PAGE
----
Empirical process control is the foundation of Agile Delivery. It is based on continuous improvement and visible progress. This means data from the past is used to plan for the future.
The resulting progress becomes visible, which helps in quickly reacting to new insights.
- Project goals and the development process are treated as fixed constraints.
- The Customer is not directly and continuously involved, a requirements specification and/or proxy roles stand in their place
- Technical questions are mostly decided in ad hoc fashion or fire-fighting mode
- There is no room for experiments, the main management focus lies on resource utilization
- Business and customer focused goals are known and directly represented by stakeholders
- Assumptions are validated through experiments
- Decisions are risk-driven and use the value of options and learning windows. The last responsible moment is honored
- Insights from retrospectives lead to effective actions that possibly involve people outside the team boundary
Know your business and customer focused goals
Before we can start working empirically we need to know what success and failure would look like. This means we have to know our goals. We recommend to start with a focus on the complete product from a business and customer perspective: What do our customers need and value? What quality criteria are important to them?
Validate assumptions through experiments
We formulate hypotheses about these goals and how to achieve them. Then we try to validate our assumptions with experiments. This creates empirical data that we measure and compare against our goals. We use these results for our next hypotheses and experiments.
Value the last responsible moment
In an empirical approach options have value. Decisions remove potentially valuable options. Since every experiment can generate new insights that lets us develop a better understanding, we try to decide at the last responsible moment. Besides creating room for experiments the last responsible moment also enables us to react to shifting goals.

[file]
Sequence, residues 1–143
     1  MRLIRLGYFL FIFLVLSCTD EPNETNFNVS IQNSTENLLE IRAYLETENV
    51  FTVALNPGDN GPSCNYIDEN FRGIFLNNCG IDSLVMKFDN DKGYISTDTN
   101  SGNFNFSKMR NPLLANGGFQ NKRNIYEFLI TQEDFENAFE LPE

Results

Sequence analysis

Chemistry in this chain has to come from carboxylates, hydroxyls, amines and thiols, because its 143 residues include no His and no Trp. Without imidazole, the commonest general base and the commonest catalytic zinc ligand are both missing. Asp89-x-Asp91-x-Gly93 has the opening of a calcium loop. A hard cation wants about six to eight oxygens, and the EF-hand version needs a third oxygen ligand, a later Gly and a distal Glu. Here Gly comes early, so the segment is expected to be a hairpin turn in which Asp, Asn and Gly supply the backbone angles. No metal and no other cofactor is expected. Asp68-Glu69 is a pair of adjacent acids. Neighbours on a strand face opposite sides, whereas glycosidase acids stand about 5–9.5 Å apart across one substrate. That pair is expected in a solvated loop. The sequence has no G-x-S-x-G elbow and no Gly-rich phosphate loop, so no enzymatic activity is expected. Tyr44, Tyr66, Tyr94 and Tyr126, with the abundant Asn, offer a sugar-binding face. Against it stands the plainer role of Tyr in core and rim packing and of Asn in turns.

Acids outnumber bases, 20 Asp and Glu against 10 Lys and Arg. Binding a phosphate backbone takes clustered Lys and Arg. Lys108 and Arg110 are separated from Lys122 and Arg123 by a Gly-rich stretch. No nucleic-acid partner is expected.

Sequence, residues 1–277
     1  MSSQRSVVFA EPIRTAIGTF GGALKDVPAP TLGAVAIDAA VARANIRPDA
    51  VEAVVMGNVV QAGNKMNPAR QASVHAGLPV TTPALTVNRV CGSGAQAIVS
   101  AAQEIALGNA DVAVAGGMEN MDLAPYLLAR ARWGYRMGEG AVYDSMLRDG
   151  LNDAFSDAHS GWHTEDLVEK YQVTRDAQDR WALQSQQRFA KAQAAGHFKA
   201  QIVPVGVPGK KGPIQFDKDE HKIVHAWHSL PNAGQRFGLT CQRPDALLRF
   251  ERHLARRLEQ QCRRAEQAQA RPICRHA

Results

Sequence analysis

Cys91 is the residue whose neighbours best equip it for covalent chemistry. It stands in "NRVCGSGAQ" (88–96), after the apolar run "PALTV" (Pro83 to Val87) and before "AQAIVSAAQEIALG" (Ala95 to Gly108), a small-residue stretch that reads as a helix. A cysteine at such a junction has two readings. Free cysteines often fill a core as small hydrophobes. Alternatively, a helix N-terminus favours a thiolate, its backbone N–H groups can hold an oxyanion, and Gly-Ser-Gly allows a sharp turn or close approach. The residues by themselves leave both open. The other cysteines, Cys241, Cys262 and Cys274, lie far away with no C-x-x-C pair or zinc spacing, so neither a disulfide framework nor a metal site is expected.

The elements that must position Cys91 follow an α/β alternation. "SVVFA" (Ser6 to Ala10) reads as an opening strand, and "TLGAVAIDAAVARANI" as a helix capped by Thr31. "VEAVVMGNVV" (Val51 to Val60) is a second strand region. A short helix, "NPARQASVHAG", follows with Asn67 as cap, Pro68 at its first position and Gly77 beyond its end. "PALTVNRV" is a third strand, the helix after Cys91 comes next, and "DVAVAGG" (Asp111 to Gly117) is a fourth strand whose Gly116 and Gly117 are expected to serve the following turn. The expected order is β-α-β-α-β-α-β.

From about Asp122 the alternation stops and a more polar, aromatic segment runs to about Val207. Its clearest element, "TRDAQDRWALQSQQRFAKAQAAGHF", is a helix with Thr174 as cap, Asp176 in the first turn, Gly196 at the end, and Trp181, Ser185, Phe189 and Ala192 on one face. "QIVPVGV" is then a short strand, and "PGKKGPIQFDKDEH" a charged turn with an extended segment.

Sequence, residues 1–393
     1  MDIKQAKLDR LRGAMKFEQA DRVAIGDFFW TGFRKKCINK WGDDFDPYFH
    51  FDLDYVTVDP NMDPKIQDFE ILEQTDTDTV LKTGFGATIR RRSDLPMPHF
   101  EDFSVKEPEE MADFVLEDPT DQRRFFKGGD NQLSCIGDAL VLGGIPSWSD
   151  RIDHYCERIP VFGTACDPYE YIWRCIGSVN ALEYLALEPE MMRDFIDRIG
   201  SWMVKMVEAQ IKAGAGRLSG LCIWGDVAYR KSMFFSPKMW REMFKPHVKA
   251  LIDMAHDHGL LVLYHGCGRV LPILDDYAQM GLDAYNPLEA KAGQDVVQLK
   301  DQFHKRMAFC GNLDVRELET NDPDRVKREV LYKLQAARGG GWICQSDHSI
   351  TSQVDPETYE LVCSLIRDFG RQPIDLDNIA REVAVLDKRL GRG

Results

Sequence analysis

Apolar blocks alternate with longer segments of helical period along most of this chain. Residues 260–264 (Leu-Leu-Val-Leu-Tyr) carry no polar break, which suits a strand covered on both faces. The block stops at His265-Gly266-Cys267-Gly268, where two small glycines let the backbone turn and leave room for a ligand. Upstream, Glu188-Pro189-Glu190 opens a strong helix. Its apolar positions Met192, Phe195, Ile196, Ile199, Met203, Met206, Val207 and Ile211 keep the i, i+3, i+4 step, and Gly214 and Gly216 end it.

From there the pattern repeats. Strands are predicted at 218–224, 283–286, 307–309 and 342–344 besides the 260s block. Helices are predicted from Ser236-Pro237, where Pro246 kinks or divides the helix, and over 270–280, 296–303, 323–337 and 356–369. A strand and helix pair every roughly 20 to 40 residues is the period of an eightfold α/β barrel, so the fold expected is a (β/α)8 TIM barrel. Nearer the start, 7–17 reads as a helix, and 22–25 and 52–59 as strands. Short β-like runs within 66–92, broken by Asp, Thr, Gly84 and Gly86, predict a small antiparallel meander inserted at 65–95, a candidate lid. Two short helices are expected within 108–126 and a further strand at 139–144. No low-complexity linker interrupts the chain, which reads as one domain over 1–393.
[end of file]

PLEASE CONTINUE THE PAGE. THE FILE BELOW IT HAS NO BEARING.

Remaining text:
Sector Rating Aspects
These are aspects that can be used to assess your performance and maturity in this sector. For a detailed explanation please have a look at our how to page
|Process and progress data is visualized (e.g. burn-up / burn-down charts, Kanban Boards)||Late majority|
|Data from the past is the primary driver for forecasts of the future (e.g. velocity, throughput)||Late majority|
|Short iterations drive development (e.g. Sprints)||Late majority|
|Iterations have defined goals that are actively tracked||Early majority|
|Business representatives are directly involved in development||Early majority|
|Continuous improvement is an important driver (process, tools, communication are topics of retrospectives, not only business-related features are addressed)||Early majority|
|Categorize problems after their Cynefin domain to find out where iterative-incremental approaches have value (e.g. Agreement & Certainty Matrix Liberating Structure)||Early majority|
|Goals are used on different flight levels and interlinked (e.g. strategy/portfolio-focused, coordination/product-focused, operational/work-focused)||Early adopters|
|DevOps mindset is established (3 Ways of DevOps)||Early adopters|
|Fail fast, fail safe culture is established (small experiments, safe environments)||Innovators|
|The broad use of the last responsible moment creates learning windows (technical abstractions, re-prioritization of features, use of technical adaptors, …)||Innovators|
- Feedback & Transparency: Drive empirical process control through feedback – transparency is the precondition.
- Responsibility: Foster responsibility in teams and individuals to be able to identify and execute experiments and use the results sensibly.
- Verticality: Accelerate and simplify your experiments through decoupling and localization.
- Anti-Viscosity: Experiment in areas that are not optimally suited to do so through soft governance.